Remittance Frontiers: Banking Without Borders

Soon I will be celebrating the fifth anniversary of my sojourn in the United States. One of the very first things I did after landing in New York was to open a bank account and transfer all the money I needed to start my new life in the New World. After a week or so the money arrived, but the amount was lower than I expected due to a number of fees and the currency exchange rate. A couple of weeks ago, with this experience in mind, I read with genuine excitement an announcement made by TransferWise about its borderless account.

According to claims, the borderless account allows businesses (and soon individuals) to have a full-fledged local bank account in up to 15 countries in Asia, Europe, and North America, even without ever being physically present in a given country. TransferWise is one of the few European FinTech unicorns. Its proprietary solution allows customers to send money internationally for a fee of less than 1 percent (more than 6 percentage points cheaper than average), so claims like this should be taken seriously. While TransferWise is only one of many providers (traditional and FinTech) competing for what amounts to almost $600 billion remitted every year, the borderless account may become a distinguishing factor and a competitive advantage.

But is the proposed service enough to satisfy customers? Let’s dream a bit about how similar products could be tweaked and even possibly improve the lives of customers in developing countries . . .

High rises and hotel buildings in Punta Pacifica, Panama City, Panama.
High rises and hotel buildings in Punta Pacifica, Panama City, Panama. Photo by Gerardo Pesantez, World Bank.

Imagine there was not only a borderless account, but a truly international joint account that could be used by family members living in different countries, who are earning and spending in different currencies yet sharing their financial lives. This account would bring remittance costs close to zero while offering maximum convenience. It would allow a wife in Russia and a husband in Kyrgyzstan to keep their earnings together and use them wherever and whenever needed. Such innovation would go beyond convenience.

First, the account would facilitate global mobility for work, study, or even tourism by making cross-border remittances easier. Second, it would improve the capacity of each account holder to access additional financial services, such as credit, by generating data about his or her past transactions and by adding an extra layer of information about overall household income and spending. Third, it would equalize the relationship between the remittance sender and receiver (now both contributing to the joint account). Fourth, it would allow account holders to have control over each other’s spending, perhaps ensuring more discipline in saving for joint goals such as buying a family house (or if you don’t like the idea of spouses controlling each other's spending, think of a son or daughter studying abroad with unlimited access to the account).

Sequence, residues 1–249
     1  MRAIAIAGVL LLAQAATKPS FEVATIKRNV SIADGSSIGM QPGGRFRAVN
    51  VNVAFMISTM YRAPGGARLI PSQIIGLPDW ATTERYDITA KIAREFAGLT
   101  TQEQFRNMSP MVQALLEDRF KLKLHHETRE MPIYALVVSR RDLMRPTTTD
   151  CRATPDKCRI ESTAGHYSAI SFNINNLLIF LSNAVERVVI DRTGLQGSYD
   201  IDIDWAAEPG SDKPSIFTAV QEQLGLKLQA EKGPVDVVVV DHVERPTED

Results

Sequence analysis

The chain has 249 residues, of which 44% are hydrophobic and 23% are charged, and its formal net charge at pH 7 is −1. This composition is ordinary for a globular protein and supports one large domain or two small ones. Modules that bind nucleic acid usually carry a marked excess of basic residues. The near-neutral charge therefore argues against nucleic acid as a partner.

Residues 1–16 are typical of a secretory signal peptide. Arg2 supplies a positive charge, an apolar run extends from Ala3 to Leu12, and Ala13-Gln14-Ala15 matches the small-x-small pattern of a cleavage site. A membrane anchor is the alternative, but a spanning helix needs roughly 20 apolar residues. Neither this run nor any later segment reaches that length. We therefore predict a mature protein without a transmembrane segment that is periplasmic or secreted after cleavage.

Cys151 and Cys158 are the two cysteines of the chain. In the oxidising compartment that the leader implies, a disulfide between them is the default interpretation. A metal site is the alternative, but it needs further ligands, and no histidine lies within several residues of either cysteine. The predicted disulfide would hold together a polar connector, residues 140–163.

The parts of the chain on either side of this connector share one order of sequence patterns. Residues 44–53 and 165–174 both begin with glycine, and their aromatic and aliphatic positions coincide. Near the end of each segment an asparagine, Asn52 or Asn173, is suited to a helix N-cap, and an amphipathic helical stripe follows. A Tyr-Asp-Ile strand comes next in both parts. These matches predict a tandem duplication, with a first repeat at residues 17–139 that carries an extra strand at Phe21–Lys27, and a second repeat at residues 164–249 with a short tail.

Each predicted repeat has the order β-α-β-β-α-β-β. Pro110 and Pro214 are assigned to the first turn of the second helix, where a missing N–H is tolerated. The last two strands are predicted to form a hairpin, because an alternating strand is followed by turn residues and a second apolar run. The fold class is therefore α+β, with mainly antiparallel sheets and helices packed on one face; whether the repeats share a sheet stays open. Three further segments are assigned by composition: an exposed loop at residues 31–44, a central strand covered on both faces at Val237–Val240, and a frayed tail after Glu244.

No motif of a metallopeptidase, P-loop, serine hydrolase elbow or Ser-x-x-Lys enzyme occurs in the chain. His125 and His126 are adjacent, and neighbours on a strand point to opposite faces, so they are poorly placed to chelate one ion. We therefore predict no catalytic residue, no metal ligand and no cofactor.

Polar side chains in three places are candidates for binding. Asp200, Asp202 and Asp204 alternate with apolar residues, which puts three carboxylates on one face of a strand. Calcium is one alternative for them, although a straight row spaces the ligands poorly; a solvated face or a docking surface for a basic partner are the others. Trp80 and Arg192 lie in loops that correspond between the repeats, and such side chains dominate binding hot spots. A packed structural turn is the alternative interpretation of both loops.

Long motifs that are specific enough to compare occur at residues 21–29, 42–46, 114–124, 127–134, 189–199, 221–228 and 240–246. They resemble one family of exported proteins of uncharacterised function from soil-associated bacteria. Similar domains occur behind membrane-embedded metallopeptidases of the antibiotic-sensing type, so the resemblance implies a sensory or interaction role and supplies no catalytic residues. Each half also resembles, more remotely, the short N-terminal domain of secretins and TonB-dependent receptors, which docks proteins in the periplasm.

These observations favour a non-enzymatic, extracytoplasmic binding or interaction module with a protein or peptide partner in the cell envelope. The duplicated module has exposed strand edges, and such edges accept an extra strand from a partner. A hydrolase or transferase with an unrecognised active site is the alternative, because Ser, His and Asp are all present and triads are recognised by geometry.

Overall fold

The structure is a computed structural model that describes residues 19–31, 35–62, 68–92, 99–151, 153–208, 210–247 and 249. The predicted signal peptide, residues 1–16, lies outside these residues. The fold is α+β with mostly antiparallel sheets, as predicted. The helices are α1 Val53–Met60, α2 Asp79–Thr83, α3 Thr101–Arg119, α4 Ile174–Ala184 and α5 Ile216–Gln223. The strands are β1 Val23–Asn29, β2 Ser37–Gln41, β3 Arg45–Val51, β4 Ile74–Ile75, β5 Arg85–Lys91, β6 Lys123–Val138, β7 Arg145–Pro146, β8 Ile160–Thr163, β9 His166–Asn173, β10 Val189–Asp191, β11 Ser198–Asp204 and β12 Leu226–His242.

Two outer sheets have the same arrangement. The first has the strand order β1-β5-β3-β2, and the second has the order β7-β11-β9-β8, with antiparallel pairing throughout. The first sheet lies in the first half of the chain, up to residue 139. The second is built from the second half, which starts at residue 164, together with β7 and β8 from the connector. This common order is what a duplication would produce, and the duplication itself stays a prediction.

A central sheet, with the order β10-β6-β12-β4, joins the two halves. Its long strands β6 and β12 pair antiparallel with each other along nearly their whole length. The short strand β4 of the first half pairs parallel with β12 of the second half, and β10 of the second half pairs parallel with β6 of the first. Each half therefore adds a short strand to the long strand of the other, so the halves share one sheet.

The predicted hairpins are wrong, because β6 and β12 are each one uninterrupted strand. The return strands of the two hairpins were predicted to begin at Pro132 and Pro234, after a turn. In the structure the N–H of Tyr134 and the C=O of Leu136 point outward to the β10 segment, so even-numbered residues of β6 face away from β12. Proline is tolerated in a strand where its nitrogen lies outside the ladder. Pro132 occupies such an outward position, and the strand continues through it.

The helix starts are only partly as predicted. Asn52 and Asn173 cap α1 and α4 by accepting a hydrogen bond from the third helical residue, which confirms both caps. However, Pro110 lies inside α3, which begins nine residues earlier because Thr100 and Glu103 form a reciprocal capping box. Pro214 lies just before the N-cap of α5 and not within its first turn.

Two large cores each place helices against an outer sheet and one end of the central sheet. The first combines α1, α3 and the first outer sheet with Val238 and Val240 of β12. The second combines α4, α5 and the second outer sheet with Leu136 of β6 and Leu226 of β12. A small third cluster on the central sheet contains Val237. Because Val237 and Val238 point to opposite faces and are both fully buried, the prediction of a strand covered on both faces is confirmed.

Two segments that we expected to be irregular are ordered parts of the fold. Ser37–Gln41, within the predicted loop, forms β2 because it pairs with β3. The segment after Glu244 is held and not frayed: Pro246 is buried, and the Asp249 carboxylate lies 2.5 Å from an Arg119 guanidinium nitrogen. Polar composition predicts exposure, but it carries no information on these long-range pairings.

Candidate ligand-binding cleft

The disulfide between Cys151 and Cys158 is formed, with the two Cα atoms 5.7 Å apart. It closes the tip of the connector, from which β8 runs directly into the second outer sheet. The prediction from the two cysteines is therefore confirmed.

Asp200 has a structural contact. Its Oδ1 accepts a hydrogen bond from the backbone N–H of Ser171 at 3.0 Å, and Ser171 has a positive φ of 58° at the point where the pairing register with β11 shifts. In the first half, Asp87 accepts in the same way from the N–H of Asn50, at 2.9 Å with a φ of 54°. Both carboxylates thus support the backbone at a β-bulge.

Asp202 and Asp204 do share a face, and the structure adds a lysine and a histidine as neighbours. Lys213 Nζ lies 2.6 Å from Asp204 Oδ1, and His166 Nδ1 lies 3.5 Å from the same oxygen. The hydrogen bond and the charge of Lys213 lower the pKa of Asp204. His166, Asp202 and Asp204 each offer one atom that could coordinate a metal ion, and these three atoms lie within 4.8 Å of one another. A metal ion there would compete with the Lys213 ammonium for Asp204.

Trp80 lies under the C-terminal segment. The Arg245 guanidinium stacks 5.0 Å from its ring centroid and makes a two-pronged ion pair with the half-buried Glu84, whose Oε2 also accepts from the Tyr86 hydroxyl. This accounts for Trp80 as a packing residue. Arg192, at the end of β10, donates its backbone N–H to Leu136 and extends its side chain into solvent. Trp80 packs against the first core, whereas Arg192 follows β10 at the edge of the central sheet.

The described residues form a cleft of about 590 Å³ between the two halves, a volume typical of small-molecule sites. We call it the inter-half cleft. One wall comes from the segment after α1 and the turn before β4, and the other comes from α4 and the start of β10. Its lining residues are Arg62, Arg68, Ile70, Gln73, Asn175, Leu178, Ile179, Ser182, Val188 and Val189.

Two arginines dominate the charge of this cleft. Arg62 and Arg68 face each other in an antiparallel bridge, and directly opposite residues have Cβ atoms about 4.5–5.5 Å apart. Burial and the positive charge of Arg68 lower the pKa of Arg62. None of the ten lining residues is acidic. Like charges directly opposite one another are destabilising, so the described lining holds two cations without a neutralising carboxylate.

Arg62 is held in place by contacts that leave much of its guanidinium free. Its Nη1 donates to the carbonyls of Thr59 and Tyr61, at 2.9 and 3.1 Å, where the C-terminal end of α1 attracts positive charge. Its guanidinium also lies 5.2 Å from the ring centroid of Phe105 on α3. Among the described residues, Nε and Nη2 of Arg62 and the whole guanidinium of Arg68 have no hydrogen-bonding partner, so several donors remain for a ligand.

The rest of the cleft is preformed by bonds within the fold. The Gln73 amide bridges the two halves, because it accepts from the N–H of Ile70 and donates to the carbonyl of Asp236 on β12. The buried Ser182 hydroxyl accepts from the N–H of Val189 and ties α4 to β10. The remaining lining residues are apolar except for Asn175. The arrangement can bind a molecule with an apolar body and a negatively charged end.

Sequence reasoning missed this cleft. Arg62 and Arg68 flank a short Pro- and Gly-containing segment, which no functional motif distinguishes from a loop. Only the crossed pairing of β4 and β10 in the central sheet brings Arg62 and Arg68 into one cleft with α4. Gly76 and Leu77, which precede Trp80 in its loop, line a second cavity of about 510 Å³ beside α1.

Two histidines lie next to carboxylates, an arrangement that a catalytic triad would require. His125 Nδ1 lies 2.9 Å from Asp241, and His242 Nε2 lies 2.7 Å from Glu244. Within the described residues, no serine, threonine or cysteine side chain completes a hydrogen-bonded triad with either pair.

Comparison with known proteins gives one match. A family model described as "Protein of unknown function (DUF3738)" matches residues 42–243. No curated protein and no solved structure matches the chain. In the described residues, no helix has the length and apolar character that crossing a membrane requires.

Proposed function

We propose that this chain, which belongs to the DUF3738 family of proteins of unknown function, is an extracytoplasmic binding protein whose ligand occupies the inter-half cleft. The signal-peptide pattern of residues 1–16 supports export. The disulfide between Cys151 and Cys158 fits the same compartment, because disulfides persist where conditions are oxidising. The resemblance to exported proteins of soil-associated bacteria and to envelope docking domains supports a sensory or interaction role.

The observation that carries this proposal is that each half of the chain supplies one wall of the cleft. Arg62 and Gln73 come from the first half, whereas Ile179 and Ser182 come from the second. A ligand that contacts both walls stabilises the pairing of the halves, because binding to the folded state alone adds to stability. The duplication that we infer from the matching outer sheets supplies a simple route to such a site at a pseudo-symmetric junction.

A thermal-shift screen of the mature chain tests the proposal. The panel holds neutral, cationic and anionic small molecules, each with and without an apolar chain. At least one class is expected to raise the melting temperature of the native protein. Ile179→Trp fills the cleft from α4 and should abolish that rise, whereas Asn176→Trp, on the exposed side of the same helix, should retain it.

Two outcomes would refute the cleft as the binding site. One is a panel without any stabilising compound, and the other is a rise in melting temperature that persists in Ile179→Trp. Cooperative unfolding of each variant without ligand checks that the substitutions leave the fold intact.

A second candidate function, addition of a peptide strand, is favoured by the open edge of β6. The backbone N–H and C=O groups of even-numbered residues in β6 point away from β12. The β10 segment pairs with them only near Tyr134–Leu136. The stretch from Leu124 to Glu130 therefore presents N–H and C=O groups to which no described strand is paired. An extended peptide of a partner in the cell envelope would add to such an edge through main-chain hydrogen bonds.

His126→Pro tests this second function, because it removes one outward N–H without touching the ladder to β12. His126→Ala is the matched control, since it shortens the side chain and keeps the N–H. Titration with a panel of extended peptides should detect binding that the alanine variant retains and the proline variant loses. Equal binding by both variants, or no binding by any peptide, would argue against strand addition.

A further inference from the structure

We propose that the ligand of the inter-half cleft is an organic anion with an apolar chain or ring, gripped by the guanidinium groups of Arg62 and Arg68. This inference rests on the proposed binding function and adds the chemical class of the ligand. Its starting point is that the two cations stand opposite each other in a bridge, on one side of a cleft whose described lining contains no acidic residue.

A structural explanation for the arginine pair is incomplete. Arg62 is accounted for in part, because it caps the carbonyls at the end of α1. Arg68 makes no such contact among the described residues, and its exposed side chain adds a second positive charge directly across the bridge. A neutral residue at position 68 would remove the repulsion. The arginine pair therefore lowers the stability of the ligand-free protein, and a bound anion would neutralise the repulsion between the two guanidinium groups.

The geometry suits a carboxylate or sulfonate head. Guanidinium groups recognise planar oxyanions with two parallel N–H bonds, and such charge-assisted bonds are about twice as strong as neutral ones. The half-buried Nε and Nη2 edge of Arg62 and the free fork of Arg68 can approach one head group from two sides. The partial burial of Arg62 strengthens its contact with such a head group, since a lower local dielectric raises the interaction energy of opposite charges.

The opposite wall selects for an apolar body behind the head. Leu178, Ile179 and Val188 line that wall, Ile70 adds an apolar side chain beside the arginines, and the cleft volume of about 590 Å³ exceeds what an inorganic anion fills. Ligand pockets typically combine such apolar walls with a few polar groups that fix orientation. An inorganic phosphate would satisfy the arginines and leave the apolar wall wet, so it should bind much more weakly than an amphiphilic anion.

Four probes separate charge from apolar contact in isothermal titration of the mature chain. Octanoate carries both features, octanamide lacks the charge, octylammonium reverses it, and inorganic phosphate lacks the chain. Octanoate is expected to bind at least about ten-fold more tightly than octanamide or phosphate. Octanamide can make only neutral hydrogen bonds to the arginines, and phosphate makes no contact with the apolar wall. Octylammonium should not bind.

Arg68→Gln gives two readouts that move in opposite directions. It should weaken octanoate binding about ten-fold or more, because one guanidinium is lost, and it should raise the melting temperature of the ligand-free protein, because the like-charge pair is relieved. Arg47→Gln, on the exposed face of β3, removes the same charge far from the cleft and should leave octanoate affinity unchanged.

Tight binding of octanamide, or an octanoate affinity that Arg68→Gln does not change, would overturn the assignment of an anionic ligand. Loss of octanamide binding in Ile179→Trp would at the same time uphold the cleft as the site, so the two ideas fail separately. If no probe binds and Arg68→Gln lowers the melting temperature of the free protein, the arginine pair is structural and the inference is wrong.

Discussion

The account could also offer smart personal financial management tools. For instance, there could be a tool to optimize the actual balance denominated in a specific currency based on a set of criteria, including the current exchange rate, interest yield on deposits, deposit insurance coverage, and the like. The intra-account remittance would still likely incur costs, but with solutions similar to TransferWise, these could be much cheaper than current average remittance fees. Last but not least, the account would offer the sense of shared responsibility that many couples desire.

If you are screaming “Bring it on!” by now, rest assured that there are several challenges — most importantly, regulation. Deposit-taking is one of the most heavily regulated financial services. It is subject to licensing, prudential regulation, anti-money laundering rules, consumer protection, tax regimes, and so on. Many of these requirements are not harmonized at the international level, ruling out the option of having a truly international account (whether joint or not), at least for now. But there can be creative solutions. For instance, there could be an over-the-top service — a third-party provider’s platform that would allow multiple users to see their respective accounts, including mobile money accounts, in a single interface. (To get an idea of how it could work, check out some of the many over-the-top finance management tools, such as Personal Capital.)

It will be interesting to see whether TransferWise and others with similar offerings continue innovating and expanding beyond the developed markets of Europe, North America, and Asia to serve millions of customers in developing countries. The borderless account hints that what is a dream today may become reality tomorrow if the right technologies, such as APIs, cloud computing, and biometrics, are in place. However, the regulatory challenge will be hard to overcome without substantial coordination among various stakeholders at the national and international levels.


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